void d(C&);

                                        void main(void){
                                        A a;d(a);
                                        }

                                        different file:

                                        void d(C&c){
                                         cout<<c.accessor();}
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by:glebspy
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Unfortunately I do still have access violations.
The above code is just a representation of the real code I'm running.

My real question is, of course, not what is wrong with this code, but what mistake am I likely to be making in my real code which results in the access violation.

I'm basically passing an A object which is fine in main just before the function call (checked with a debugger) but as soon as the control enters d function, the object's members are completely corrupted.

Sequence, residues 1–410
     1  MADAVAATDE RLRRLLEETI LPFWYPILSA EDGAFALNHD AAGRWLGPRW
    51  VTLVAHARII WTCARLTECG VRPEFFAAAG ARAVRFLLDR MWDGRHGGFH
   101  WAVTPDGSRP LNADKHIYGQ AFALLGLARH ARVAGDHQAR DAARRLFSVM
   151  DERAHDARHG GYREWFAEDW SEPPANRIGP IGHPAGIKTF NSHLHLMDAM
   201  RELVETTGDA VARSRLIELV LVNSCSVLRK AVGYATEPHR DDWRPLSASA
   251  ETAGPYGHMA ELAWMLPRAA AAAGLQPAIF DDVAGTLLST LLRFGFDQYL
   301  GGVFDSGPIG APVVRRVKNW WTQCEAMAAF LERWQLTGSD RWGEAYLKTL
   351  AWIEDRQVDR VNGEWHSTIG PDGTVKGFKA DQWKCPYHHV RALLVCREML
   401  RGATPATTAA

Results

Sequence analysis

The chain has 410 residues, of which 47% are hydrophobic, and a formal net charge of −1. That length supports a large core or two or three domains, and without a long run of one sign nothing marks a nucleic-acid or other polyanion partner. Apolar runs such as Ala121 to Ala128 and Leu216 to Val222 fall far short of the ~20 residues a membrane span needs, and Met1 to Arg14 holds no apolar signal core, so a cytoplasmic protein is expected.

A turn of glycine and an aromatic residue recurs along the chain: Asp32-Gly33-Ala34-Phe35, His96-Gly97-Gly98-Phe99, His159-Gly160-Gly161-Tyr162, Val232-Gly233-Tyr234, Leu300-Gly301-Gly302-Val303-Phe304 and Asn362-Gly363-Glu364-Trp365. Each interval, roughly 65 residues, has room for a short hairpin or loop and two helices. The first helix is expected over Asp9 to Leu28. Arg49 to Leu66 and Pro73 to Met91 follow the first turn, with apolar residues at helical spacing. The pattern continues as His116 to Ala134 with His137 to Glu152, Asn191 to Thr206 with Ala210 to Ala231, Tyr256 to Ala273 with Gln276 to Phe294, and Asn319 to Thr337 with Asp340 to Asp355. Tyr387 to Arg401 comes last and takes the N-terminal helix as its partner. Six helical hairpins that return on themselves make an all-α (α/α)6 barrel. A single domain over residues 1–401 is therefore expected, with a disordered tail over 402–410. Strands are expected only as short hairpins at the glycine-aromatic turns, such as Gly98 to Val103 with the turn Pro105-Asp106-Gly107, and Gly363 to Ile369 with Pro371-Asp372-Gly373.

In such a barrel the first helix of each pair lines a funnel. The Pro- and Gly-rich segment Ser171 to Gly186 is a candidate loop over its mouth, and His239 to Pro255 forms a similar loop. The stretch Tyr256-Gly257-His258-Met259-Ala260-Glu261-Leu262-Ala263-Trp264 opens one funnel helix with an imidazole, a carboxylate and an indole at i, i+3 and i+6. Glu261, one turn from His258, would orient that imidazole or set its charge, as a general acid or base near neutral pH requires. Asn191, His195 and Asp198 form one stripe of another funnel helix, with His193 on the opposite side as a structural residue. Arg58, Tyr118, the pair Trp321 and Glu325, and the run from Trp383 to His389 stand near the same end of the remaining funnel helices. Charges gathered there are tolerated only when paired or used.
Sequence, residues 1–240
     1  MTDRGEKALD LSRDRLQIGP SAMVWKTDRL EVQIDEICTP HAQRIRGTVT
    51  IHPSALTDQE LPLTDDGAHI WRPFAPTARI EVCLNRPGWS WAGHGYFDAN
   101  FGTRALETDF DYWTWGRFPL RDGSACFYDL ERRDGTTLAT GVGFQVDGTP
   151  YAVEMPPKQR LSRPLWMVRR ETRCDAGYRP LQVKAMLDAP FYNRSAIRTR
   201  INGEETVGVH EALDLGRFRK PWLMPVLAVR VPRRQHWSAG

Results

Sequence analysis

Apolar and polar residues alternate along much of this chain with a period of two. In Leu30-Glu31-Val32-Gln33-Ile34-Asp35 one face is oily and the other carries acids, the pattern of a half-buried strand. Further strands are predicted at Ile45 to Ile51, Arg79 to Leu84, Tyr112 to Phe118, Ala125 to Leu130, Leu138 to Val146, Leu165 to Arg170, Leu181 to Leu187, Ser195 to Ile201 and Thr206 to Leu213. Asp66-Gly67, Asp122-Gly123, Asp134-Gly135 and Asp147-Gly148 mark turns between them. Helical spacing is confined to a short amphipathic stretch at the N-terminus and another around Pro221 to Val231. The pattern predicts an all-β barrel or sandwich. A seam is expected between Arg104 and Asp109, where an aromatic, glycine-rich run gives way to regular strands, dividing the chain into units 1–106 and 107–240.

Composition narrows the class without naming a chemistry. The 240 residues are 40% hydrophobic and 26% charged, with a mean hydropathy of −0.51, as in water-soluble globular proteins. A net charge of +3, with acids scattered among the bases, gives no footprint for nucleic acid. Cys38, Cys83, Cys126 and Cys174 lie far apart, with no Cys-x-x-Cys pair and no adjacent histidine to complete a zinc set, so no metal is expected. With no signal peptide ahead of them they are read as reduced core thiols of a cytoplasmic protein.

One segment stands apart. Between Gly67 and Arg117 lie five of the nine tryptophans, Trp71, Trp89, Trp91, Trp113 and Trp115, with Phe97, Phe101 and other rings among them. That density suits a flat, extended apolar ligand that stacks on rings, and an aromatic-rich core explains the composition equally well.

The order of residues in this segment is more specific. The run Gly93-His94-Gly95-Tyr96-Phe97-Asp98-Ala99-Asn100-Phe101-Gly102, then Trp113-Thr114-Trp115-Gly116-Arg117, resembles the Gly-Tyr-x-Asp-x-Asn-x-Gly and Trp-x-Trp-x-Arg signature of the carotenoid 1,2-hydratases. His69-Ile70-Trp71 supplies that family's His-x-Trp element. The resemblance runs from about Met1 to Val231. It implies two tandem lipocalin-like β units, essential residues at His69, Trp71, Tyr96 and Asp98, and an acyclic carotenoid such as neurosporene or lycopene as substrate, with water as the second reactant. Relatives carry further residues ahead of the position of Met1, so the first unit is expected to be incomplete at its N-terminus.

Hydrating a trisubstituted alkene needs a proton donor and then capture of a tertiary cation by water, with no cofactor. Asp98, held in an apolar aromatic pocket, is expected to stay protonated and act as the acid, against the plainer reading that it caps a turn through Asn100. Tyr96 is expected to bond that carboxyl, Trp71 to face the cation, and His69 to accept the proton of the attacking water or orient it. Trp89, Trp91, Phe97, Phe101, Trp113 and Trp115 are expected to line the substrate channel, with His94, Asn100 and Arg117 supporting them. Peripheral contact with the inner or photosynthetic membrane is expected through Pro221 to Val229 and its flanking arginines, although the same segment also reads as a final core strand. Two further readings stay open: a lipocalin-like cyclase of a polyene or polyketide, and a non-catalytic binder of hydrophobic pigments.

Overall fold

What could possibly cause such a mistake?
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by:glebspy
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Bear in mind that the real code compiles correctly!
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Expert Comment

by:NickAtBOM
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The last version of the code compiles and runs fine, using VC6.  The only extra thing I had to do to really confirm that things were working was to add a constructor to class A to initialise the 'member' variable.

Its a bit difficult to work out what 'access violations' you are getting in your real code, without seeing it.  Have you overridden the accessor method in the derived class, and does it specifically call the accessor method that it inherits from B?
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by:glebspy
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yes and yes!
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by:glebspy
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Thanks for taking the time. I've decided to post my real code to see if someone can spot the problem.